One-point Lesson : Locking the Paper in Place

Lesson #12: 'Locking' the paper into the 'hikitsuke' ...

(a 'tip' from printer Mr. Keizaburo Matsuzaki, passed on here by David Bull)

The pigment has been brushed over the block and smoothed out, the paper picked up by the fingers and set into the registrations marks with the thumbs and then gently allowed to fall into place on the wood ... What comes next? Of course, rubbing with the baren is the next step, but first a small hurdle must be crossed ...

Picking up the paper and getting it into place on the wood is definitely a 'two-hand' job. How then, is one to pick up the baren without 'letting go' of the paper? When the carved area is wide and the pigment quite wet, the paper will not usually move from the position into which it fell, but when the areas to be printed are small and scattered about, there is nothing much to 'hold' the paper in place, and at the first touch of the baren it may shift - spoiling the registration. Ideally, one would like to keep the two thumbs 'clamping' the paper in place on the registration marks, but without a 'third hand' to pick up the baren, this is not possible.

The procedure that Japanese printers use for 'locking' the paper in place is simple, but requires that the blocks be carved in a standardized way - with the 'L'-shaped 'kagi' in the front right corner, and the straight 'hikitsuke' along the lower left side of the block (as you look at it in the printing position). As the right-hand corner of the paper is being slid into the mark, the printer always ensures that both of the two trimmed edges of that corner come in contact with the wood.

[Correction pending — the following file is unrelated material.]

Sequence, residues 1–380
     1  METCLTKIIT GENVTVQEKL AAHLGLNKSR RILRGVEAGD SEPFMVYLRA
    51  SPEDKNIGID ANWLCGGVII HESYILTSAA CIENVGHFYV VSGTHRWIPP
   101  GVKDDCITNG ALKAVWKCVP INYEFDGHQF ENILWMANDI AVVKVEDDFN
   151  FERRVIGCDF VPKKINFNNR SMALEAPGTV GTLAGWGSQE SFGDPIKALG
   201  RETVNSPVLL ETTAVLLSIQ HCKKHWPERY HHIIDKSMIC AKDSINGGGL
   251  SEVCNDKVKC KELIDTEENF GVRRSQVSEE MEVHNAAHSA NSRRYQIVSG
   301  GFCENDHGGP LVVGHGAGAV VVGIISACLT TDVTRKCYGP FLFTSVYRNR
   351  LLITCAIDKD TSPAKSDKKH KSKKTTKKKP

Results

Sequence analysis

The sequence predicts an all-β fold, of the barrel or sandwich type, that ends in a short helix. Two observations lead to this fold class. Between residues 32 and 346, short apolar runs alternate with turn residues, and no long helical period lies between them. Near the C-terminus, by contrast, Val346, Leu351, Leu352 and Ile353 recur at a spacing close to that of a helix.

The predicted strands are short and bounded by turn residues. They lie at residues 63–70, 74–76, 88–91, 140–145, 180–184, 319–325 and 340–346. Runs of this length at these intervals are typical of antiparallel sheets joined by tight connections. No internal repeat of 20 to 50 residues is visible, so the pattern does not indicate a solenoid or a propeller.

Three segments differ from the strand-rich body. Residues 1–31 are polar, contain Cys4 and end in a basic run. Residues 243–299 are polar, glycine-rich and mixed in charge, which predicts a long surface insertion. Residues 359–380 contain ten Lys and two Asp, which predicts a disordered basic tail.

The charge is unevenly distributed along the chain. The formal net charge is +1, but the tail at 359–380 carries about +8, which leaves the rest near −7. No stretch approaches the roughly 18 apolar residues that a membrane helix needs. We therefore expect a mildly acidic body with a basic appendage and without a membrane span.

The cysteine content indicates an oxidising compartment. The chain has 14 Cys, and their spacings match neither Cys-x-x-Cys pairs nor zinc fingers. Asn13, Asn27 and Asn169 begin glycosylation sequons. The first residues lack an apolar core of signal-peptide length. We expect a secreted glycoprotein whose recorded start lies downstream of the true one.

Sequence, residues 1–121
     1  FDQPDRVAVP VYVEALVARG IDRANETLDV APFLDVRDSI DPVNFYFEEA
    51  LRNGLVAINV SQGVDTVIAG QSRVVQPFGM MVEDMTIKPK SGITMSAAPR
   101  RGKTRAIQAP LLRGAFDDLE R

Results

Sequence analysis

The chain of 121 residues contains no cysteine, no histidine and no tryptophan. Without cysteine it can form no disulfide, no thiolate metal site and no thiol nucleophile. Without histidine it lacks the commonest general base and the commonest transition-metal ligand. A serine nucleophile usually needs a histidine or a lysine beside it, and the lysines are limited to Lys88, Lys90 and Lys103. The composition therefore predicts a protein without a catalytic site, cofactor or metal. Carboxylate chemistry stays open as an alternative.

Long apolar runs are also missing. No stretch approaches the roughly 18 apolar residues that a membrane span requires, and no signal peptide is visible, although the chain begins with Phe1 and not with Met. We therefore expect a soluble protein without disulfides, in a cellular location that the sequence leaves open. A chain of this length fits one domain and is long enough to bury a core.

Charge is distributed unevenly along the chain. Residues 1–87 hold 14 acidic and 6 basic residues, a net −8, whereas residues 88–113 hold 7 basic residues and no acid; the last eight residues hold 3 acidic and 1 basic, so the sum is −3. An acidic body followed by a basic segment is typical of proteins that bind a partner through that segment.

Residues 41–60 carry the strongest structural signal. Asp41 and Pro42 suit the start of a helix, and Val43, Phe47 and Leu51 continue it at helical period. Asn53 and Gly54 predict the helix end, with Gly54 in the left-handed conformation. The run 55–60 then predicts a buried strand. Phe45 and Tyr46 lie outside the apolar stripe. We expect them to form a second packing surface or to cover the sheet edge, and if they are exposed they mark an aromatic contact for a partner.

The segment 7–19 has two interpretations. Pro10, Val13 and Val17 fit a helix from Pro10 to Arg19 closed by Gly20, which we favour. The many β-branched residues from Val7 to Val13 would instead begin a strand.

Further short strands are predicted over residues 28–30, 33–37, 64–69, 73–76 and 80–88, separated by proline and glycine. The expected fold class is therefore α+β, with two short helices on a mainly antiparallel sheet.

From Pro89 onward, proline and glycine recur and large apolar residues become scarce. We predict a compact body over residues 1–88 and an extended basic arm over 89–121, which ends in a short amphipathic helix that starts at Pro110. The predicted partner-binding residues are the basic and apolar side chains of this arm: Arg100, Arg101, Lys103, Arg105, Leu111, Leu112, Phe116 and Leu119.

When the thumbs come down to lock the paper in place, it is not the wide 'meat' of each thumb that does so, but the side edge of the thumbnail (along with a touch of the side of the thumb). These two nails are allowed to grow to about 4~5mm in length, to provide enough nail to bite into the paper.

Then, with the left thumbnail securely holding the paper in place (together with the 'tension' from the edges of the paper touching both faces of the 'L' mark), the right hand is free to pick up the baren from its resting place, which of course must thus be a position on the bench to the right hand side of the block. The baren is then lightly touched down on the paper over one of the carved places, and the first small and light stroke that will 'pin' the paper in place is always made stroking towards the corner kento mark, so not to pull the paper out of place. In the case of wide and secure colour blocks, the left thumb is now free to release the paper, but for delicate blocks, this nail continues to clamp the paper throughout the entire printing operation.

The reverse sides of Japanese prints thus frequently show a series of small striations along one edge of the paper, caused by this thumbnail clamping.

(And as for us lefties, if we want our blocks to be printable by 'normal' printers (and thus not carved in 'reverse' fashion), we have quite a problem ...)


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